'I am simply a 'book drunkard.' Books have the same irresistible temptation for me that liquor has for its devotee. I cannot withstand them.' L.M. Montgomery

'There are no faster or firmer friendships than those formed between people who love the same books.' Irving Stone

Monday, October 27, 2014

Case For Sergeant Beef by Leo Bruce

Penguin Books #847
189 pages
First published 1951
Published in Penguin Books 1953

From inside front cover:
Sergeant Beef was a burly, red-faced, complacent ex-village-policeman with a huge dark ginger moustache. He inspired very little confidence - in fact he himself was one of the few people who believed in his genius - but, in his own blunt and logical way, he was a remarkable efficient detective. As a private investigator he joined forces with the police over the difficult Shoulter murder case, and faced problems which, he insisted, would have been far too formidable for the smart amateurs of detective fiction, such as M. Amer Picon and Lord Simon Plimsoll. For Case for Sergeant Beef, while full of its own excitements and complications, enjoys a number of friendly and lightly veiled digs at the plots and characters of other famous writers.

With the opening line: 'I had made up my mind to have no more to do with murder.' this was a fun read! Mr. Bruce made little funny remarks picking on literary sleuths and even added himself in the fun. M. Amer Picon is Hercule Poirot and Lord Simon Plimsoll is Lord Peter Wimsey. And Sgt. Beef, when retired from the police force, insisted on buying a house on Baker Street and hanging out a sign Beef Investigations. Fun characters names too, Wellington Chickle, Mrs. Pluck, Inspector Chatto and Mr. and Mrs. Flipp, not to mention the little cottage Labour's End.

The story is told from the point of view of Mr. Townsend. He followed Sgt. Beef around on his investigations and chronicled them into mystery books. It was the fashion then for the top detectives to have their own 'chronicler'. In chapter one he had made up his mind to retire from this and go into a business for himself, but when telling Beef about his decision Beef was able to persuade him to go along for one more very unusual investigation.

In chapter two we are introduced to Mr. Chickle and his journal. He has decided to commit a murder. An unsolvable murder, because there will be no motive as he won't know the victim. In this way he will become immortal and famous. He plans meticulously down to the smallest detail. Recording it in his journal for the police to have after he has died and the case is long unsolved. Once he is ready he moves to the cottage in the woods and establishes himself there as a friendly retired old watchmaker and our murder mystery unfolds! Will it go to plan or will someone throw a monkey wrench in the works. Will Mr. Chickle get away with it? You'll have to find a copy to find out!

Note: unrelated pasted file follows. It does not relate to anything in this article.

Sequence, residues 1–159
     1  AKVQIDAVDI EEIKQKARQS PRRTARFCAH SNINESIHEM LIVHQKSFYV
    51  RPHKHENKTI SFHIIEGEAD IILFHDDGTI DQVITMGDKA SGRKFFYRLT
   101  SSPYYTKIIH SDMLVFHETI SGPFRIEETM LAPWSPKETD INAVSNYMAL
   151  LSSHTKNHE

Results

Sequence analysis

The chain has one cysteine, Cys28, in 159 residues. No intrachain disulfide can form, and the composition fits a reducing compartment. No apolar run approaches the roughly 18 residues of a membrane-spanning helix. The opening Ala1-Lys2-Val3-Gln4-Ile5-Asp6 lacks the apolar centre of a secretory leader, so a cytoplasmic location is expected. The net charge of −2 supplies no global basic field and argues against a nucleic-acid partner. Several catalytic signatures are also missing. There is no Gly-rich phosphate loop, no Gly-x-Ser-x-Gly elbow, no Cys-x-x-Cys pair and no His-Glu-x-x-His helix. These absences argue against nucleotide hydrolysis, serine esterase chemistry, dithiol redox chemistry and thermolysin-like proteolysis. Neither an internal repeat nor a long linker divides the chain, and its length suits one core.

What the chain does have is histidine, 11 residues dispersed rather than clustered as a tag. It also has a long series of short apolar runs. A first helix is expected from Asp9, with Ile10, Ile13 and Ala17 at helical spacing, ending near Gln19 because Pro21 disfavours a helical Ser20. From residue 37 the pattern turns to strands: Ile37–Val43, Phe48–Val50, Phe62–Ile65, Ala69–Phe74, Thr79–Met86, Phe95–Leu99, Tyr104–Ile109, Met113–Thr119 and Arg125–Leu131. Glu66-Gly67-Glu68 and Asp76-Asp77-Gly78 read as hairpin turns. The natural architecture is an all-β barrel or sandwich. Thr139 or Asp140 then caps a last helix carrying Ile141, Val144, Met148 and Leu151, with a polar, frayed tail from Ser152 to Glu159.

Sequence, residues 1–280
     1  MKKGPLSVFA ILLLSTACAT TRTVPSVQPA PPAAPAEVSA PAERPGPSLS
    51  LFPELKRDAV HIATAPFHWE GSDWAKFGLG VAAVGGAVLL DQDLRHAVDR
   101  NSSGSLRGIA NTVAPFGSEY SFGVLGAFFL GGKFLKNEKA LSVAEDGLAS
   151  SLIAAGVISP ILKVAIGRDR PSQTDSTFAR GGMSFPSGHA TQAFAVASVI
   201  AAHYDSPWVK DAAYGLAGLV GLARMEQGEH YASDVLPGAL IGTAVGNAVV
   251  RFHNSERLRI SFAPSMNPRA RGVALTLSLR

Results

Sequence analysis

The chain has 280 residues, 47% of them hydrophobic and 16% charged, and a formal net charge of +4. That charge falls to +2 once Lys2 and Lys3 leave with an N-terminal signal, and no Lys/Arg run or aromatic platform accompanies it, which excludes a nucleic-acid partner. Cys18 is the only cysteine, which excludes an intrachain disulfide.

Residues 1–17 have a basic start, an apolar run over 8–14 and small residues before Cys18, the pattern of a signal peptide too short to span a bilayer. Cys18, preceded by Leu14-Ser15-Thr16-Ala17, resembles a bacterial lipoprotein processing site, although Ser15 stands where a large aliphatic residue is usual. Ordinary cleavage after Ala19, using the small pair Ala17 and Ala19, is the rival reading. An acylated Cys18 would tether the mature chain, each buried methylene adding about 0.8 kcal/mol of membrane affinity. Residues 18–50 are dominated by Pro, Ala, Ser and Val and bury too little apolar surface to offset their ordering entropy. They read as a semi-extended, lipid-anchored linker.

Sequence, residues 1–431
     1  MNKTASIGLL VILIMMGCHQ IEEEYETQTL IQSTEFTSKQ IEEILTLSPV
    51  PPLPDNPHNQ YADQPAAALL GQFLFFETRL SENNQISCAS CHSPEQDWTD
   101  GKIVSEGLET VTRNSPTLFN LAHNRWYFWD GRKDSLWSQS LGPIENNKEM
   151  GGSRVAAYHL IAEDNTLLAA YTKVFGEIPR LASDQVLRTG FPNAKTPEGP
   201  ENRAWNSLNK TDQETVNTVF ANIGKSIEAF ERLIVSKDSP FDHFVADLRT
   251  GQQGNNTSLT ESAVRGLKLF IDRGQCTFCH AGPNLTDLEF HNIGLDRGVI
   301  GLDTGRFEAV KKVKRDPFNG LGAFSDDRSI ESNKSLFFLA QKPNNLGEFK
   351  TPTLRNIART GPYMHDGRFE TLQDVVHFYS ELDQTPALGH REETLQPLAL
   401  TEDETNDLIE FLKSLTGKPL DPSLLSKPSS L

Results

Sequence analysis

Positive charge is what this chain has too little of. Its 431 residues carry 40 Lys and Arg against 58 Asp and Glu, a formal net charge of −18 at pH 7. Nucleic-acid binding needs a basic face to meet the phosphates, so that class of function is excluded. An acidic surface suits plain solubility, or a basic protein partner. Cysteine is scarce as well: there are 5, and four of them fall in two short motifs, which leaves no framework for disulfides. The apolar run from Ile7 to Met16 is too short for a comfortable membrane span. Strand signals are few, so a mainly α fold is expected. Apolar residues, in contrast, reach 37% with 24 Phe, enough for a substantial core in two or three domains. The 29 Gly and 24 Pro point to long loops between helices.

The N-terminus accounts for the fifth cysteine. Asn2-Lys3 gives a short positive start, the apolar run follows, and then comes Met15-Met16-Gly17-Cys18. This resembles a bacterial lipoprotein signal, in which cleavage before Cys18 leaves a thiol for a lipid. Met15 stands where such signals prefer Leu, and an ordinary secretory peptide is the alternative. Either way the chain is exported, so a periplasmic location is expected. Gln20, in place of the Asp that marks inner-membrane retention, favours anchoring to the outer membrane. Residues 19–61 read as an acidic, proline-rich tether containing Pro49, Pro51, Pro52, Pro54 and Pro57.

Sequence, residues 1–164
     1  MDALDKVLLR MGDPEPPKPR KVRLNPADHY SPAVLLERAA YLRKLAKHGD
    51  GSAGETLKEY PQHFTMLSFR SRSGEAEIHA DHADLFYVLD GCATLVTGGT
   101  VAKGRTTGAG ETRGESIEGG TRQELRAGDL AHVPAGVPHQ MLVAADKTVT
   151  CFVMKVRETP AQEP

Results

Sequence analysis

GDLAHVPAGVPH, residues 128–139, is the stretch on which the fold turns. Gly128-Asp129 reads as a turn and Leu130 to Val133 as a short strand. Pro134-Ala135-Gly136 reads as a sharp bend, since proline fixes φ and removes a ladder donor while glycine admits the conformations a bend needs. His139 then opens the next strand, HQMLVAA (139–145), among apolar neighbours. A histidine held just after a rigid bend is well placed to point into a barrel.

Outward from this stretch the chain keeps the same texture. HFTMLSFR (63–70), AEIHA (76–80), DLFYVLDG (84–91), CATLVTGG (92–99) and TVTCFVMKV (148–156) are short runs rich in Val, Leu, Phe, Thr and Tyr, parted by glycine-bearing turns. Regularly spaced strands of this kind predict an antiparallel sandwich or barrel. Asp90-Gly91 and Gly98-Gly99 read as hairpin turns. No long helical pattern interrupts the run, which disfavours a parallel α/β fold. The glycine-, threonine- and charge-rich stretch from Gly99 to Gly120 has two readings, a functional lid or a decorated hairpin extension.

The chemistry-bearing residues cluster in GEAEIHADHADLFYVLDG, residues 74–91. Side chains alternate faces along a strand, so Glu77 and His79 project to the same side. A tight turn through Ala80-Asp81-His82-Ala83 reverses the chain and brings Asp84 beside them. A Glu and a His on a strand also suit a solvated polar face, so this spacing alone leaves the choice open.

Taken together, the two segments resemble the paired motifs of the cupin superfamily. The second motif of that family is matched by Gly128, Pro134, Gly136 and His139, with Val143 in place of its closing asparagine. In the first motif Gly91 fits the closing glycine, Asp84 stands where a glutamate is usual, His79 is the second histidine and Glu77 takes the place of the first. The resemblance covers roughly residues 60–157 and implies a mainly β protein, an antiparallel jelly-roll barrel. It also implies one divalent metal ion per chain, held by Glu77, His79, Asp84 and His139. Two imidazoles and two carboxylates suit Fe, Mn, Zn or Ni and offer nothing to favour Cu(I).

from the book...

About a year earlier Mr. Wellington Chickle had begun to write his Journal. This Journal is now one of Sergeant Beef's most prized souvenirs, though it only came into his hands long after the Shoulter Case was concluded, and no one knew of its existence, still less had any access to it, while the investigation was proceeding. It is an astonishing document written in large curious handwriting, full of flourishes so ornamental and detailed that they are almost like the illuminated capitals of an old manuscript. It is clear at a glance that the man who wrote it loved his work and probably had nothing to do but perfect it. The Journal opens in March 1945. Its first entry gives the key to the whole thing.

First Entry

I have decided to commit a murder...

  I shall not commit murder for gain, for revenge, for love, for the sake of brutality, for escape from a blackmailer or bully, for spite, for hatred or as a protest against anything whatsoever. In fact - and this is the very crux of the matter - I shall have no motive. And because I shall have no motive I shall never be found out. In other words my murder will be art for art's sake, murder merely and entirely for the sake of murder. It sounds simple. So do all great ideas.
  I am perfectly sane, of course. I am considered rather a nice old gentleman, fond of books and gardening, and devoted to children. A hundred people could testify to my sanity. I am not even an eccentric or a solitary. I am generally liked, even respected.
  So my reasons are these. I am going to commit a murder because I have found the key to successful murder - to have no discoverable motive. Because I want to achieve something before I die which will make my rather odd name live in the annals of time, and murder seems the surest way of achieving this. Because I really have nothing much to do with the remaining years of my life, no absorbing interest, and I think that the planning and carrying out of this will give me what I need....

Are you intrigued now? I'll be looking for more Sergeant Beef books that's for sure. I read one of Leo Bruce's Carolus Deene books before and enjoyed it too. If you love vintage mystery keep your eye out for Leo Bruce!

A great website for Leo Bruce books and a short story featuring Sgt. Beef!

Peggy Ann


  1. Replies
    1. I know! I was so tickled to get a Penguin book copy! The book is very delicate and I had to handle it very carefully while ready. It will fall apart easily I think.

  2. Great review Peggy, and got me interested in this series again. I have not read any by this author and I do have the first in the series. Thanks for the link to the website also.


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